Following last week’s ousting of American Apparel CEO Dov Charney, many expected the American clothing brand to head vigorously toward a renewal of sorts. The most recent reports on this issue, however, only indicate that they are on the lookout for new funds, yet are making no plans to update their infamous marketing esthetic. Following the stock spike experienced by the company last week, American Apparel Inc. is said to be looking for new ways to make more money, together with their advisers at Peter J. Solomon Co.. At the same time, a recent interview that American Apparel’s Marketing Director Ryan Holiday gave to AdWeek confirmed that their marketing strategy will remain the same.
A recent report from an undisclosed source close to the company explained that the advisors at Peter J. Solomon will inform American Apparel’s board of their funding options over the next few days. The company, whose APP index stood at -16.46 per cent as of the time this article was written, was allegedly considering debt or equity offerings. However, its financial consultancy team is not entirely certain that the company can afford to accrue even more debt, given the terms of the credit contracts they are currently bound by. The same source explained that the decision to fire former CEO Dov Charney might force American Apparel Inc. to refinance the loans it currently has. Charney’s prerogatives were removed last week, following the above mentioned stock spike, and the board plans to fire him after the 30 days that the two parties have at their disposal to solve their conflicts elapse.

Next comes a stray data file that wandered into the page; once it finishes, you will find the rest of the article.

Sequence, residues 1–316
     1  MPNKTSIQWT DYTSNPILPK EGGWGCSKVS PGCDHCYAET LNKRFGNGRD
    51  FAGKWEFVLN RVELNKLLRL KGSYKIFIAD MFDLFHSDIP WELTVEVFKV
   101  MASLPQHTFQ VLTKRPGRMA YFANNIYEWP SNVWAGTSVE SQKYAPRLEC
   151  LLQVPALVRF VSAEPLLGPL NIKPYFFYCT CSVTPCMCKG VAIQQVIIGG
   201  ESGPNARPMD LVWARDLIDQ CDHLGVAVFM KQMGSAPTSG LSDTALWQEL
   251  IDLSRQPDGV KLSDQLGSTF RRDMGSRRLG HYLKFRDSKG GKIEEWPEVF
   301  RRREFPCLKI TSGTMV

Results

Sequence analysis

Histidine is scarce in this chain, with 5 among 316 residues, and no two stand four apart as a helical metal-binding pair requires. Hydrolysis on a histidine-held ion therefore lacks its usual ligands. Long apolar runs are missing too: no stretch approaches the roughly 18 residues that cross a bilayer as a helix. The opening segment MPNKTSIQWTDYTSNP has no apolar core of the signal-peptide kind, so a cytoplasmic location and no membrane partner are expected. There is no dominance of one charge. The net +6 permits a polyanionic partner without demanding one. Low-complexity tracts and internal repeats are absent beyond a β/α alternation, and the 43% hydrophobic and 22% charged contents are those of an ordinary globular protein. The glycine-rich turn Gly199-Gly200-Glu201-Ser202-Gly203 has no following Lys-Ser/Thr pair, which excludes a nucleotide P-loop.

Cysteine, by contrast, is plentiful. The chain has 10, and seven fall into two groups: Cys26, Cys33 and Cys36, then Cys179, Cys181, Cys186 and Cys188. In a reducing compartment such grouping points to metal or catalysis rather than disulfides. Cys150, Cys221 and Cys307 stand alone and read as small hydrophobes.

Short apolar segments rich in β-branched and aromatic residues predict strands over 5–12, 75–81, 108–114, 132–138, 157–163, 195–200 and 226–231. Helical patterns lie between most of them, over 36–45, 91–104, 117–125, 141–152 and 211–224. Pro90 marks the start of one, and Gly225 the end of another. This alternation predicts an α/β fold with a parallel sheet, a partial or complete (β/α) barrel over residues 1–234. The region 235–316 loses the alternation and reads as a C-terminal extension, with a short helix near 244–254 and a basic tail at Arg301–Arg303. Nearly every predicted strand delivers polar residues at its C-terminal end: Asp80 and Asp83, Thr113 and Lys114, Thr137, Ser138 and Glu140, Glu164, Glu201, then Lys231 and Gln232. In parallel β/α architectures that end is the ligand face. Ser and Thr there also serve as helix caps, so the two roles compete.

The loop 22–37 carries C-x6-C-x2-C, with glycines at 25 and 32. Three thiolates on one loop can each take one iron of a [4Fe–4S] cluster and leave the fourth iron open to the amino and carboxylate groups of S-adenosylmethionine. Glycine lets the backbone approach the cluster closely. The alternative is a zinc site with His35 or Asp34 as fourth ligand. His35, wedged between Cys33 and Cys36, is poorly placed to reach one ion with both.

Charney is fighting the decision, which came against the backdrops of allegations that he had violated company policies. The charges brought against him include the misuse of funds and the failure to stop the publication of naked photographs with a former American Apparel employee. The same employee has sued Charney for sexual harassment. His legal counsel has rejected the charges and deemed them baseless, in a letter to the counsel of American Apparel’s board of directors.
At the same time, though the brand has been frequently criticized for its portrayal of women and female sexuality, it seems that it’s not about to alter its marketing strategy. In a recent interview for AdWeek, company Director of Marketing Ryan Holiday says the company will not change its marketing and advertising aesthetic. He plans to keep it just as “sexy” and “edgy” as it has been up to now – even though more and more activist groups are denouncing the same esthetic as passé, sexist, and demeaning.